Finally, when we determine that the device is ready, we collect all the relevant information and test results obtained during the development process and submit them to the regulatory authorities such as the FDA in the USA or TÜV SÜD in Europe to obtain their approval.
Cochlear implants are Class III devices with the highest risk for causing potential harm.
Every medical device is assigned to one of three regulatory classes based on the level of scrutiny necessary to ensure its safety and effectiveness. For example, microphone accessories are categorized as Class I while hearing aids are Class II. Cochlear implants are Class III devices with the highest risk for causing potential harm, and therefore must meet the most stringent regulatory requirements before release to the market.
These requirements and regulations are continuously updated to increase patient safety, and medical device companies must comply with the most recent requirements. In fact, every medical device company that has a certified quality management system is regularly audited to demonstrate compliance with the current and applicable quality, performance, and safety standards.
Only when the regulatory authorities approve the new device can it be sold on the market.
To be approved, Class III devices also require mandatory post-market surveillance and clinical follow-ups. This means once the new device is introduced to the market, we proactively and systematically collect and evaluate data on clinical experience with the new device to make sure that it continues to be safe and effective through its entire lifetime, and to determine if corrective or preventive actions are necessary.
We review every complaint related to the device itself, the labeling, the packaging, or even the distribution. And we thoroughly investigate and analyze the data for any trends so we can react accordingly. A benefit-risk analysis will determine whether the benefit of the device continues to outweigh the risk. If required, a complaint must be reported to regulatory authorities.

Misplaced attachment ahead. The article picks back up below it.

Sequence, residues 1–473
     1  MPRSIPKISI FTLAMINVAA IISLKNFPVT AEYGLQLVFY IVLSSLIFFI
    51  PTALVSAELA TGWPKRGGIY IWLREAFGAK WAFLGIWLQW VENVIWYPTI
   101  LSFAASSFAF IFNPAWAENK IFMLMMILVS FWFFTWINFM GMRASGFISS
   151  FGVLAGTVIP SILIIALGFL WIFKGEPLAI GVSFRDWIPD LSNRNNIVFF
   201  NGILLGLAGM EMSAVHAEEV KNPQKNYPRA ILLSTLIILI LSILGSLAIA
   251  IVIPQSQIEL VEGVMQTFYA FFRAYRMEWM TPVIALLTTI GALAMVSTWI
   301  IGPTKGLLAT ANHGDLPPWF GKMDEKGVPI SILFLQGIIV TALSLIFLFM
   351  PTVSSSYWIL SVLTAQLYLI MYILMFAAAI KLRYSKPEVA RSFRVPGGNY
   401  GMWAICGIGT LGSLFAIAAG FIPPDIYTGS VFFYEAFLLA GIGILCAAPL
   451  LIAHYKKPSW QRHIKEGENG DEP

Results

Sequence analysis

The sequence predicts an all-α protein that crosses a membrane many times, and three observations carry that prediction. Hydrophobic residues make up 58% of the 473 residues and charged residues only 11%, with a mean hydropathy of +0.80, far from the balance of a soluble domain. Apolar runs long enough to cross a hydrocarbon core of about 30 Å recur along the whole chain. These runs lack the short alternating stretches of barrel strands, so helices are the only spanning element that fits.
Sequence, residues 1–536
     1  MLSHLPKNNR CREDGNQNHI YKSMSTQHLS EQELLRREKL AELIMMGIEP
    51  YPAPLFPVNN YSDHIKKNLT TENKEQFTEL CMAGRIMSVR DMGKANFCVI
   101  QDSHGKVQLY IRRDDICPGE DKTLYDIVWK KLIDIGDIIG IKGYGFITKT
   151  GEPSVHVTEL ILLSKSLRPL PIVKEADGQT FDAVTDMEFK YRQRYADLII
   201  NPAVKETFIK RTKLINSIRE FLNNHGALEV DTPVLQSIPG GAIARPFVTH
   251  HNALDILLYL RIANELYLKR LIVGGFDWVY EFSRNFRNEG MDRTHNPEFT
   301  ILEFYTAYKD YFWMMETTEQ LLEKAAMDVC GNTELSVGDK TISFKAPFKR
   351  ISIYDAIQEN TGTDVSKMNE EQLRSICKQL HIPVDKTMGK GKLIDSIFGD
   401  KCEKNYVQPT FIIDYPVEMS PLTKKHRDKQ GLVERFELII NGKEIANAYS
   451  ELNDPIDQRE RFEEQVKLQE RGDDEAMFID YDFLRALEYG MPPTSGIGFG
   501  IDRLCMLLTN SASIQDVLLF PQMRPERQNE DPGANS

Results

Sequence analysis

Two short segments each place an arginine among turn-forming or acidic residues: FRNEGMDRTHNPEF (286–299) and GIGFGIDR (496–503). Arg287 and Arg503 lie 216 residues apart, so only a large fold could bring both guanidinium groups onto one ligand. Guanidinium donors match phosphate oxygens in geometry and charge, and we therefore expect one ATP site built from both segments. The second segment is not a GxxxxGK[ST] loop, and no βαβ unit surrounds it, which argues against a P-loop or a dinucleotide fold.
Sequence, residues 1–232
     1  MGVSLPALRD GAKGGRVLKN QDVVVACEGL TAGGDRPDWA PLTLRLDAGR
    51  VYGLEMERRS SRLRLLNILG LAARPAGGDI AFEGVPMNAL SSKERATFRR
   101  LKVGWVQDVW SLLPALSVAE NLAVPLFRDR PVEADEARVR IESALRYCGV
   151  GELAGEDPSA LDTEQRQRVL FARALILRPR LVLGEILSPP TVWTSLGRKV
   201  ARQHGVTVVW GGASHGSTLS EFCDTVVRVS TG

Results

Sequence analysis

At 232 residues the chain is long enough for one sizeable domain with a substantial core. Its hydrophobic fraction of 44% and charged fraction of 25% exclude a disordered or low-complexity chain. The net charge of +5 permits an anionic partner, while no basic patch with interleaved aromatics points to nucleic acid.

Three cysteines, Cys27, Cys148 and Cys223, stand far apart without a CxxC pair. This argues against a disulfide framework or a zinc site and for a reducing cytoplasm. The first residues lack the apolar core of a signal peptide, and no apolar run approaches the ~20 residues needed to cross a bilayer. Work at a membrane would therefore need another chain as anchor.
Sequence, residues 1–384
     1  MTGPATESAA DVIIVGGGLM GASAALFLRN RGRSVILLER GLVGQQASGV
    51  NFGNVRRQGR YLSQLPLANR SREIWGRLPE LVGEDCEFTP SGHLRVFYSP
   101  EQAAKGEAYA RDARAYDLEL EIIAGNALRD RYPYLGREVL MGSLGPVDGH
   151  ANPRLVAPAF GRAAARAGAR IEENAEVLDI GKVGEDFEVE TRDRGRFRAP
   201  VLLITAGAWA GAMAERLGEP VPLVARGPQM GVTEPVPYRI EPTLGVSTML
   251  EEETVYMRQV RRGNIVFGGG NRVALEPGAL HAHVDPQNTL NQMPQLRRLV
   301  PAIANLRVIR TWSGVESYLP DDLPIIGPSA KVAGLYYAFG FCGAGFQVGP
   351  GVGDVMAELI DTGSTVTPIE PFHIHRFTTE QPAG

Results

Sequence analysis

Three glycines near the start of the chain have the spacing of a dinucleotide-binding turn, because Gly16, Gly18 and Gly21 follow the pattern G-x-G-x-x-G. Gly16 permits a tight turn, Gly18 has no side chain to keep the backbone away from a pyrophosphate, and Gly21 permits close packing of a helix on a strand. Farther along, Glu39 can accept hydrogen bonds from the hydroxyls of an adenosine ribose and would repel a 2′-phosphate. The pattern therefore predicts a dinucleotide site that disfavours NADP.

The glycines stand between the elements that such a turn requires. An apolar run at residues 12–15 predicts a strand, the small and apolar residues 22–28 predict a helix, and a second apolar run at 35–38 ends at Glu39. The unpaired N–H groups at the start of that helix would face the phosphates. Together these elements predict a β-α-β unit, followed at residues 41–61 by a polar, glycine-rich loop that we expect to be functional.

Besides monitoring for problems, post-market surveillance data can also highlight opportunities for continuous improvement, so we can continue to deliver the safest and most effective cochlear implants.
The process of developing the most innovative cochlear implant technology is long and involved. That’s part of the reason why the latest and greatest cochlear implant devices don’t debut every year like popular smartphones, or even hearing aids. But this measured and fastidiously monitored process also ensures that only the best and safest devices are available for our patients.
Tojo Meier is the Product Manager of Surgical Portfolio at Advanced Bionics. He has a master’s degree in bio-engineering and bio-technology from the Swiss Institute of Technology in Lausanne and a PhD in biomedical engineering from the Swiss Institute of Technology in Zürich. Prior to joining AB, he worked for many years in research and development and brought several innovations to market in medical implant technology, especially in regenerative medicine. He has published scientific publications and holds several patents in the field. Born in Madagascar and raised in France, he currently lives in Zürich, Switzerland with his wife, daughter, and dog. He likes outdoor adventures, new technologies, and detective novels.